The Welsh government has unveiled plans to restrict food high in fat, sugar or salt (HFSS) in an attempt to tackle health problems linked to obesity and diabetes.

Its planned legislation, due to come into force in 2025, includes restricting meal deals linked to unhealthy products. Such deals typically bundle together items such as sandwiches, crisps, confectionery and drinks for a set price.

Volume-based promotions, such as multi-buys, and restrictions on where unhealthy products can be displayed are also part of the devolved government’s plans.

The measures announced are in contrast to what is happening in neighbouring England where plans for similar changes were delayed further this month by the UK government, which said it would be unfair to restrict options during a cost-of-living crisis and when food prices remain high.

Announcing its proposals this morning (27 June), the Welsh government said that “whilst this would not ban meal deals or other types of promotion, it would restrict the inclusion of the unhealthiest products”.

It added: “Products that are high in fat, sugar or salt tend to be more heavily promoted and given higher prominence in stores. This encourages unplanned impulse buys, with people buying, consuming and spending more on unhealthy foods than they intended.

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“Over 60% of adults in Wales are above a healthy weight, and over a quarter of children are overweight or obese by the time they start school. This can have a significant effect on people’s health, with levels of obesity-related diseases such as type 2 diabetes at record levels in Wales.”

The Welsh government said it will work closely with the food industry to provide guidance and support it in reformulating products to reduce levels of fat, sugar or salt.

The government pointed to Public Health Wales, recent Time To Talk Public Health survey, which it said showed strong public support for government action to make food healthier, with 57% of people agreed that governments should use financial tools like taxes to reduce sugar in foods with high levels.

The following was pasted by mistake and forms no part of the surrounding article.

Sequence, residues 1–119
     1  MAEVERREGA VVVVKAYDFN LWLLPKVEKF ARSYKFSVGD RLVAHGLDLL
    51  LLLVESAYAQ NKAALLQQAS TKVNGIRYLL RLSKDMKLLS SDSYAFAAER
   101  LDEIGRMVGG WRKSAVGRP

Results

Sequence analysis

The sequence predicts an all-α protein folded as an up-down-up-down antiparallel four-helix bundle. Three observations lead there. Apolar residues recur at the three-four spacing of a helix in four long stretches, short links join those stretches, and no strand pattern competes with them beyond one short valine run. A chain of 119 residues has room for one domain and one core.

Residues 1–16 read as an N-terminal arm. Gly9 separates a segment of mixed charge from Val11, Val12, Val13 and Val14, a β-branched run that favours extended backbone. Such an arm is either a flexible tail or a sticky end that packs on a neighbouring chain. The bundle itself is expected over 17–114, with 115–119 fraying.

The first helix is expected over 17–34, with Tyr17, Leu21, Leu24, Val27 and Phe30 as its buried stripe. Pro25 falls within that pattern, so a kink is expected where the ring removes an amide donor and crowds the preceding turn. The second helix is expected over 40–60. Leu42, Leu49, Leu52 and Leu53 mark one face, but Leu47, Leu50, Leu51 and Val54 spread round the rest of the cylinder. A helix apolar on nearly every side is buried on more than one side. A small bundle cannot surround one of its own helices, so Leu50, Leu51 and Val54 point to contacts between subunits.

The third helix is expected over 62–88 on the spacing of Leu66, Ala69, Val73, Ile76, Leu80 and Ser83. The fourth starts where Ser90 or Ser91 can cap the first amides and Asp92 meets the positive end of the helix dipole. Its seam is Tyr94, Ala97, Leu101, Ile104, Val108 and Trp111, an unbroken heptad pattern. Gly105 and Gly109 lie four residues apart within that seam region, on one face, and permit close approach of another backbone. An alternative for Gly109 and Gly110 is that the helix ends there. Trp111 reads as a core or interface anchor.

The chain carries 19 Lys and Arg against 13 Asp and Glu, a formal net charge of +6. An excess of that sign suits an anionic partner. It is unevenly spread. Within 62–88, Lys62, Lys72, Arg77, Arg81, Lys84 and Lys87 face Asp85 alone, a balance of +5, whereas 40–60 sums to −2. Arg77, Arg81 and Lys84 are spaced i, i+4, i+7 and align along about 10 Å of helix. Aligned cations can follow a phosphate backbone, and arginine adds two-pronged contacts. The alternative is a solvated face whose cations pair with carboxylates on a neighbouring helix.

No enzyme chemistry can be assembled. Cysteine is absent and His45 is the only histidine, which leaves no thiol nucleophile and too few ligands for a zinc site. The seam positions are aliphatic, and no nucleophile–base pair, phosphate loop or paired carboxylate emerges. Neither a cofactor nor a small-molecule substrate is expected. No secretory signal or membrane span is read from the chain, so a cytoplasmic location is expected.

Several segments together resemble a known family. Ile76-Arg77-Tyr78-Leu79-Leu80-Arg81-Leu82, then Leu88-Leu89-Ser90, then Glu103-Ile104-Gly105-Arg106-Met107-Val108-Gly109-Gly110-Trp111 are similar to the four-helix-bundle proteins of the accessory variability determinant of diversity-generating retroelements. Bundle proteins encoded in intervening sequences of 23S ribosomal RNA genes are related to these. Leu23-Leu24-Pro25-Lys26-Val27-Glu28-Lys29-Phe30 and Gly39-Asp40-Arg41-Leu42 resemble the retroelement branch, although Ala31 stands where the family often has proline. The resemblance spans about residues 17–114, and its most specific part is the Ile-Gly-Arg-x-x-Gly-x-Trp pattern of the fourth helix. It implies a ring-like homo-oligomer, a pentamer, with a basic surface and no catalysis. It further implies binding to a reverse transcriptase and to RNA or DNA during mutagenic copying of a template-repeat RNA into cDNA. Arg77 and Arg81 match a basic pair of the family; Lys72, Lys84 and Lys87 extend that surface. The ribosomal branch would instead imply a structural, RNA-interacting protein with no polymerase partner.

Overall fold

The Welsh Deputy Minister for Mental Health and Wellbeing, Lynne Neagle, said: “This legislation will take forward our commitment to improve diets and help prevent obesity in Wales.”

She added: “This is an important part of the jigsaw as part of our Healthy Weight: Healthy Wales strategy as part of a multi-component approach. Our next generation deserve a different ‘normal’ where healthier foods are more available, affordable and appealing, and high-fat, sugar and salt foods are not a core part of our diet. Our current and future generations deserve better.”

However, the proposed clampdown has been criticised by the Welsh Retail Consortium. It told UK broadcaster the BBC: “We are particularly concerned over possible plans to restrict price promotions and to restrict products in meal deals.

“Promotions within categories allow retailers and brands to compete to attract customers, improving competition and keeping prices down.”

The legislation will be introduced next year and rolled out by 2025. A consultation on enforcement measures will take place later this year.

It will apply to all businesses which employ more than 50 people.